Have you ever seen the documentary Pandora's Promise? Perhaps you would find it insightful.
Welcome to this forum, Dave. I don't want to scare you away, but it seems we are getting off on the wrong foot, so to speak. Let us begin.
Before I discuss your post, please look at this pie chart. If you claim the subsidies on that chart are inaccurate, then I can prove you are mistaken. It's a bit dated. The subsidy swag for polluters has actually gotten even more outrageous in comparison with the pittance that Renewable Energy has gotten.
I certainly have seen that Propaganda film called, "Pandora's Promise". It is chock full of very clever half truths that manage to completely cloud the actual issues of cause and effect in regard to cost/benefit (i.e. POLLUTION COSTS to the biosphere) in the generation of energy for human civilization. Renewable Energy is totally misrepresented as being "insufficiently reliable" to power civilization, too "expensive" and so on. The derisive icing on the cake is the totally false claim delivered in 'I'm your friendly Doctor telling you this for your own good'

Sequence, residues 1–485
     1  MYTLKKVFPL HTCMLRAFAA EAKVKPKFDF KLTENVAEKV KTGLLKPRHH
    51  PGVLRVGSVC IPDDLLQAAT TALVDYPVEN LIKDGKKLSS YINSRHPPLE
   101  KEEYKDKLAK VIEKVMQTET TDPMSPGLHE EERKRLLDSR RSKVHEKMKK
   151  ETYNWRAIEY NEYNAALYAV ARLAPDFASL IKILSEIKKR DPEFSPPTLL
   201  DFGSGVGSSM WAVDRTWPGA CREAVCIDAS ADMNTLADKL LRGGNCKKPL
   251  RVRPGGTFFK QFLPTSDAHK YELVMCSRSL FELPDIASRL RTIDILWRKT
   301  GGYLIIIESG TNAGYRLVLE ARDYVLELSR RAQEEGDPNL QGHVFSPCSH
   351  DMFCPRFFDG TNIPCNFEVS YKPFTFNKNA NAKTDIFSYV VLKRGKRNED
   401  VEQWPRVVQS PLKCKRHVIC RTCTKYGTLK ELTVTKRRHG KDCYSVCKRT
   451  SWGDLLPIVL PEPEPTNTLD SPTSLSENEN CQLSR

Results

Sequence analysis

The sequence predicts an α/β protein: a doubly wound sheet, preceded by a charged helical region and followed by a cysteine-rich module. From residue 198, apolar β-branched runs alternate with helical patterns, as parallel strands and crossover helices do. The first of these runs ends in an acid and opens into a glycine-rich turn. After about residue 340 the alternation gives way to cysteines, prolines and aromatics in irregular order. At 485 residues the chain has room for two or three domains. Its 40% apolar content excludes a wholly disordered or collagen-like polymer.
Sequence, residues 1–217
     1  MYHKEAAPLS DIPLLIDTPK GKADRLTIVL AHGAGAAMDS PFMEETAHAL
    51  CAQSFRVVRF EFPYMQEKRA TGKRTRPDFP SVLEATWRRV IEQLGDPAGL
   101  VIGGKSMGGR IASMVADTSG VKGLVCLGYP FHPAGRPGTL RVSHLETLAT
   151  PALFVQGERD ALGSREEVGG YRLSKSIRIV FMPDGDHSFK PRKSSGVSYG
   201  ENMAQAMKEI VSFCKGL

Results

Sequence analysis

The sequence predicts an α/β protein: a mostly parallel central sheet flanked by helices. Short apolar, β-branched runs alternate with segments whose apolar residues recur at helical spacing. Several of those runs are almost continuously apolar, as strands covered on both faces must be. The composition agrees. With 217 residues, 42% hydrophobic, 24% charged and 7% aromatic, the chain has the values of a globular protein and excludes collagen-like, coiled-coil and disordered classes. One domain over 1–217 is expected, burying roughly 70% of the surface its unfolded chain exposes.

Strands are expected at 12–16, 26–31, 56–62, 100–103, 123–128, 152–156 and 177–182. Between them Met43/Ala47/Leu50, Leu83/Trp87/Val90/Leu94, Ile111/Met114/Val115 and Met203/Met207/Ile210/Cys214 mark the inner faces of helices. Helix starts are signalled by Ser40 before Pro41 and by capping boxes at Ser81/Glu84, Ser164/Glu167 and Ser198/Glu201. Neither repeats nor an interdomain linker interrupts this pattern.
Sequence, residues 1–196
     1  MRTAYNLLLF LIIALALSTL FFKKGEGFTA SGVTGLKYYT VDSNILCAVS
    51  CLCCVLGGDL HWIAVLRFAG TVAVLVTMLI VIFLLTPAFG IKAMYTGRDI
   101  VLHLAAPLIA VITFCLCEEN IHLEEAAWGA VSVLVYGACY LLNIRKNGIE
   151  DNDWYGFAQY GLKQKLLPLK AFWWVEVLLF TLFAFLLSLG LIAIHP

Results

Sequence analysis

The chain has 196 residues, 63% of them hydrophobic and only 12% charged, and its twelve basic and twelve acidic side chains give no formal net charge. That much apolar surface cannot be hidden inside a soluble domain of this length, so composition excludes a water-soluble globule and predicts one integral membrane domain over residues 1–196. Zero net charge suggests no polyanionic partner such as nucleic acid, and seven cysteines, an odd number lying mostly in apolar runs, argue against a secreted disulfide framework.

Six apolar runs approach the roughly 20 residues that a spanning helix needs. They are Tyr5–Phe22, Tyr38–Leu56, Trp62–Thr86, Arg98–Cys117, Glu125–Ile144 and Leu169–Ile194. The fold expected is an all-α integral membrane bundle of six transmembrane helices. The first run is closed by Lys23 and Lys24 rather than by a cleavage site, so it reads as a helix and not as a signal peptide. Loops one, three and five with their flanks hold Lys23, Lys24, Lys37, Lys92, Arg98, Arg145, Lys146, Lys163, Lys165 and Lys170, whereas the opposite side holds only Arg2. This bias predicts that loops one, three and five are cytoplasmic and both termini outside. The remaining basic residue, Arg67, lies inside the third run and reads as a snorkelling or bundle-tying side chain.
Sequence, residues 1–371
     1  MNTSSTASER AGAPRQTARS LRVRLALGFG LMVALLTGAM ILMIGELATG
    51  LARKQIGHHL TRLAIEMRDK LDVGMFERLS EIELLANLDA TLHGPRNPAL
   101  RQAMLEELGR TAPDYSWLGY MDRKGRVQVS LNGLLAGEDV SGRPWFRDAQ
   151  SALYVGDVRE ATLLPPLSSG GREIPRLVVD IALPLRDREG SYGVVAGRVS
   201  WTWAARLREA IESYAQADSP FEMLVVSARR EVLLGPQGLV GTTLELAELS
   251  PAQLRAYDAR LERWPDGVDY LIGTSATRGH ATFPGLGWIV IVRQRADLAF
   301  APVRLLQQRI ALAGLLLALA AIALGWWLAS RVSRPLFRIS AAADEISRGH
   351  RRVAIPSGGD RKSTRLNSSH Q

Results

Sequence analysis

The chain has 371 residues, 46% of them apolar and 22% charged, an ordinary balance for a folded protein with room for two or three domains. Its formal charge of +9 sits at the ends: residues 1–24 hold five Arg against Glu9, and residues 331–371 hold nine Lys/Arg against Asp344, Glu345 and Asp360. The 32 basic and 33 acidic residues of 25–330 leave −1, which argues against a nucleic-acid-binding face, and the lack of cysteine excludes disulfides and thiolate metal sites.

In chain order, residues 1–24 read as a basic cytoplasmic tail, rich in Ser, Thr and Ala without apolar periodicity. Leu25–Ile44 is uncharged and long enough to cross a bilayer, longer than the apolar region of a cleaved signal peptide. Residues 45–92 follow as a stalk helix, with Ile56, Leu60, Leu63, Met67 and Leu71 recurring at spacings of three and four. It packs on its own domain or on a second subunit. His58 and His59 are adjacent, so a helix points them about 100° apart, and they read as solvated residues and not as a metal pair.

tone that those that support a 100% Renewable Energy powered world are to be pitied for their "wishful and unrealistic thinking".
Uh Huh... Nuclear Industry Welfare Queen Profits have absolutely nothing to do with it, of course...
A very insightful and fact filled critique was made of the writings of those nuclear industry propagandists who pitch that film and every half truth uttered in that film by objective energy analysts. I posted on it here years ago in the Nuke Puke board.
Here is a repost (Originally posted November 08, 2013, 02:42:15 pm): The Breakthrough Institute – Why The Hot Air? PART 1 of 2 parts
June 17, 2013 Thomas